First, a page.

Treat this year's smaller guest list to a table that melds the old with the new.
Credit: Bryan Gardner

Whether your mom is with you in person this Mother's Day or on a laptop or iPad screen many miles away, celebrate her love and support for your family by setting a beautiful table for a real or virtual brunch. But don't just lay out any old dining set—make it meaningful. To do so, consider mixing and matching fine china, using both your mother's set (or even your grandmother's vintage pieces!) and your contemporary dishes in a way that gives your table a personal, one-of-a-kind feel. Since there's an art to mixing the two styles and creating a table that's both dynamic and functional, read on for tips on how to place everything just right.

Create a cohesive look.

"Mixing china from different generations is a beautiful way to honor a family," says Jason Mitchell Kahn, an event planner in New York, "but it's easiest to create a cohesive table if the individual pieces are consistent." To do so, alternate the pieces for each course—use Mom's china for the salad and dessert courses and yours for the appetizer and main courses—which also keeps it visually interesting for your guests.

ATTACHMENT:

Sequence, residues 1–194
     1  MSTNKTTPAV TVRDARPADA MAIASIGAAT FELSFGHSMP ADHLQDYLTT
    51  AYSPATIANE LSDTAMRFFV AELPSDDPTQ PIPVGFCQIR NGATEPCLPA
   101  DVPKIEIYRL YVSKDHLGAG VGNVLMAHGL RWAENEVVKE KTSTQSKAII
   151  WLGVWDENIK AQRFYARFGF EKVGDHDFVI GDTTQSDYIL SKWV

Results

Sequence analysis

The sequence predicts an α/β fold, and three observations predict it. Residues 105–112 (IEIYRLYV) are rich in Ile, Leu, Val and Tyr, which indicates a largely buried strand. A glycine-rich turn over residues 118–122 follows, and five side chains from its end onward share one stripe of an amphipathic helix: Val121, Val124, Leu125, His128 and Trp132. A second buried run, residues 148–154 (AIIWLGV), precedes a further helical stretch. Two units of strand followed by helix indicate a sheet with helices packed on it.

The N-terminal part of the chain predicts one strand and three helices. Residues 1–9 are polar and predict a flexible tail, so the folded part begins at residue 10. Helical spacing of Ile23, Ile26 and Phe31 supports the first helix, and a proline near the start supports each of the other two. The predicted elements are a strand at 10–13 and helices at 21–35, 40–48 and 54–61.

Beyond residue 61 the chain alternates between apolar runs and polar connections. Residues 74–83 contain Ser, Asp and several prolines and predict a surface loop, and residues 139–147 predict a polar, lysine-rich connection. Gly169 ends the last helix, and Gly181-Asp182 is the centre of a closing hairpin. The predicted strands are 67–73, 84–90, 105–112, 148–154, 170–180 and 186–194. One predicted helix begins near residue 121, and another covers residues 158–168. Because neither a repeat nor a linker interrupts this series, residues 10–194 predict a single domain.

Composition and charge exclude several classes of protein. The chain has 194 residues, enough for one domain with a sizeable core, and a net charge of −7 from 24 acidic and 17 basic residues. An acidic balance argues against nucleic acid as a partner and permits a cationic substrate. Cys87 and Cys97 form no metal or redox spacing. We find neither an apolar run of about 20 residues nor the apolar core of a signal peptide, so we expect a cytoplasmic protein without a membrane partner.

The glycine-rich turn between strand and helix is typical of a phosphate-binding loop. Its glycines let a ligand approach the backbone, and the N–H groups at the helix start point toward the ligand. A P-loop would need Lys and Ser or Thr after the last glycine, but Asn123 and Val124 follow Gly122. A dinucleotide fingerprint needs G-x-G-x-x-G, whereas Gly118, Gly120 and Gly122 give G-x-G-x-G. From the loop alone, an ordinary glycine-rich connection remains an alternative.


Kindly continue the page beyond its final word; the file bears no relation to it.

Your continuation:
Highlight the common thread.

 "It's best to find something unifying within the different collections, be it color or patterns that complement each other," adds Kahn. Let's say both patterns contain gold: You could set the table with a gold tablecloth and flatware, bronze candlesticks and holders, and a vase filled with gold garden roses or sunny day lilies.

Mix the crystal, too. 

If you were lucky enough to also inherit some of your family's crystal, go ahead and use it on Mother's Day. Mom's more elaborate vintage pattern will contrast nicely with your modern style. "You can even throw a colored crystal glass onto the table to complement the colors you are using," notes Kahn.

Pay attention to the little details. 

Tying off a simple white napkin with a modern ring in a colorway that matches the vintage pieces helps make all of these blended choices look intentional.

Turn the food into a unifier.

Kahn says another way to unify your tablescape is by maintaining consistency on the food front, too. Make sure all dishes—whether they are served on your pieces or your Mom's—are arranged in the same way; he suggests placing food on top of a colorful base, like dinosaur kale or lemon wheels for flair.


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